This article originally appeared on TeenWire.org
Most of us love going to concerts — hanging with our friends and enjoying the music. But thanks to people like Vincent Lopez, young adults and teens in California are also getting answers to some very personal questions.
Eighteen-year-old Vincent is a member of the Music Outreach Program at Planned Parenthood of Orange and San Bernardino Counties. The Program helps to spread the word about making responsible choices and safer sex to young people throughout the two counties. The group began two years ago by "tabling" at large concerts — setting up booths with information and handouts about staying healthy. Vincent has helped spread the word about safe sex at some great concerts like the Warp Tour featuring Ice-T and Eminem, and the KROQ Weenie Roast with Sugar Ray, Kid Rock, and Smash Mouth.
Hundreds of people stop by the table before and between sets to pick up handouts or ask questions of the staff. But the work has some benefits — everyone tabling takes shifts, so they can each catch a part of the performance.
"I wish I would have had some of this information when I was younger," says Vincent."
Part of Vincent's work just may help spot some up-and-coming bands, too. Every month, he and members of the Music Outreach Program arrange for local bands to play at nearby venues. "The bands have been great about playing for free at these events," says Vincent. The Program always has plenty of requests from local groups looking to get some exposure.
"To help reach different audiences, the Music Outreach Program signs up a variety of bands with different styles of music," says Vincent. Every month, between 50 to a couple hundred teens and 20-year-olds come to hear the bands play. Tickets only cost a couple of bucks.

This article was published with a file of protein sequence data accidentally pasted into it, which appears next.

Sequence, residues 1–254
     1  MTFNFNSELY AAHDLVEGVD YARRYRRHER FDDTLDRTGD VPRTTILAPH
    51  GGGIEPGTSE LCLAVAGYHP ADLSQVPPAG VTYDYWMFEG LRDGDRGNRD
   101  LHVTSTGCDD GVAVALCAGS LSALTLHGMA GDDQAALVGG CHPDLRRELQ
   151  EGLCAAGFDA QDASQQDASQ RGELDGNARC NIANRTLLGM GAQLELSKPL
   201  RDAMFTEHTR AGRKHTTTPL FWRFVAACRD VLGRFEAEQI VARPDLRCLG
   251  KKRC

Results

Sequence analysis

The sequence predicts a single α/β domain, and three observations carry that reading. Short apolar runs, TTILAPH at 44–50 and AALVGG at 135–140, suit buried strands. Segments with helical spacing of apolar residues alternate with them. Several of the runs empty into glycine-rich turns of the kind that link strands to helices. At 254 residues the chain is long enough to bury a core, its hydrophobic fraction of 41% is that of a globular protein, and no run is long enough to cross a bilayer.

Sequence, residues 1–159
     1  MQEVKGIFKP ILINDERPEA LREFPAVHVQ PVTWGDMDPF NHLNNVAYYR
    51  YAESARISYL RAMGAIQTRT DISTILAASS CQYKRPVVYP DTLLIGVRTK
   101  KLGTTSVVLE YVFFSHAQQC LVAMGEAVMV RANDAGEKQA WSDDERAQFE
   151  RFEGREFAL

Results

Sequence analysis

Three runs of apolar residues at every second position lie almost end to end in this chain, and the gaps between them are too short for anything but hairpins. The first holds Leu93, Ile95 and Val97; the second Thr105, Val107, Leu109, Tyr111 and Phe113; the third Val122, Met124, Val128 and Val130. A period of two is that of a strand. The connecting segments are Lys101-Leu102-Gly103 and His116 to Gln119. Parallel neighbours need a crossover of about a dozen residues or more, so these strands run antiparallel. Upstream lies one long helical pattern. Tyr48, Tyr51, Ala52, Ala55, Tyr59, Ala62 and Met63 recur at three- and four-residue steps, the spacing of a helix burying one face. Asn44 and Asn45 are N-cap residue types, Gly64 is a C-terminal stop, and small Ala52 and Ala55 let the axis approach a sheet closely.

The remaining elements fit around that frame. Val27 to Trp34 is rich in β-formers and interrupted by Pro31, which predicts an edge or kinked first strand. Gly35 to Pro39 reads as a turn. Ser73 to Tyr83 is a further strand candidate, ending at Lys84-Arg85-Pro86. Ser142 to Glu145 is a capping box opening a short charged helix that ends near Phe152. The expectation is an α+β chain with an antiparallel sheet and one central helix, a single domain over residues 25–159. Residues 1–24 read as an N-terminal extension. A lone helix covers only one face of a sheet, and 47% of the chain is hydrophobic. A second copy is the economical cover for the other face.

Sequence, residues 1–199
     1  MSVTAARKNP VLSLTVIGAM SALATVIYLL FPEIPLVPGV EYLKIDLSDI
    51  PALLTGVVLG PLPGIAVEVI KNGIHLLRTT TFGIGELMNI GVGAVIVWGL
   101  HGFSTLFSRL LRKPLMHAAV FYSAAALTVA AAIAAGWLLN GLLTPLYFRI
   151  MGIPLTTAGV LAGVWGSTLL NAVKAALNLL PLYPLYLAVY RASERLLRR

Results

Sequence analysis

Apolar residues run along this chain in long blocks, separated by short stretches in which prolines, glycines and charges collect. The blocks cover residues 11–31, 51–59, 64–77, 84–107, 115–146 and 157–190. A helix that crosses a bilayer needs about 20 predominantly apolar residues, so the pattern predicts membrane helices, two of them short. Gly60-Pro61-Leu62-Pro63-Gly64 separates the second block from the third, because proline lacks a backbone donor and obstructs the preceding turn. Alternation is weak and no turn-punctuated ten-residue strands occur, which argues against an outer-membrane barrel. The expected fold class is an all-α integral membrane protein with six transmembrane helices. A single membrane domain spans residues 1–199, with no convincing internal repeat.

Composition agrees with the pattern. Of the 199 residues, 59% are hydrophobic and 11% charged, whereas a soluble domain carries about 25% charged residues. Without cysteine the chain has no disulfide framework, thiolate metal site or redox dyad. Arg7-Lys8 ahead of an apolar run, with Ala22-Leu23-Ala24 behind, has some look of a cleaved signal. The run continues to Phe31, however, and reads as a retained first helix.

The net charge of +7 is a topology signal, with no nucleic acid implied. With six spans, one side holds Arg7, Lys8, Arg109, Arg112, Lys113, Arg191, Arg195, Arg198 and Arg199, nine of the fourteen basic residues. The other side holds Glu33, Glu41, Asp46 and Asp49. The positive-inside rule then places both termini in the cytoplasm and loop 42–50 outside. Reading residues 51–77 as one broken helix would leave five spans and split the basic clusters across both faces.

Vincent and the others set up a table at the back of the venue, armed with brochures, condoms, keychains and a trained educator to answer any serious questions young people might have. Almost half the crowd at local shows tends to stop by and check the table out. For some young people, the table is a place to ask some very serious questions.
"We definitely get a lot of important questions about making choices and people's health," says Vincent. Helping give people the information to make such big decisions is a real rewarding part of his work, which he got into quite unexpectedly.
"I didn't know I was going to get into this, " says Vincent. His father encouraged him to help other teens learn about safe sex and life choices - and the rest was history. He started by tabling small benefits, but now is just as comfortable at large tours as he is at local gigs. Other area teens have been moved to action by the Music Outreach Program, too. Local teenagers even volunteer to table at events, after attending special training to help prepare them for questions they might be asked at the shows.
"I wish I would have had some of this information when I was younger," says Vincent. "In school, with your friends, you sometimes joke around and don't take it seriously."
For some people, concerts are a more comfortable environment to ask questions they may not want to ask in class. "When people see other people up there, asking questions, it makes it easier for them to do the same," says Vincent.
The Music Outreach program is gearing up now for a Battle of the Bands, which will feature local high school bands competing for prizes, along with some headliner acts.
Thanks to Vincent and everyone at the Music Outreach Program, it's guaranteed to be one great show.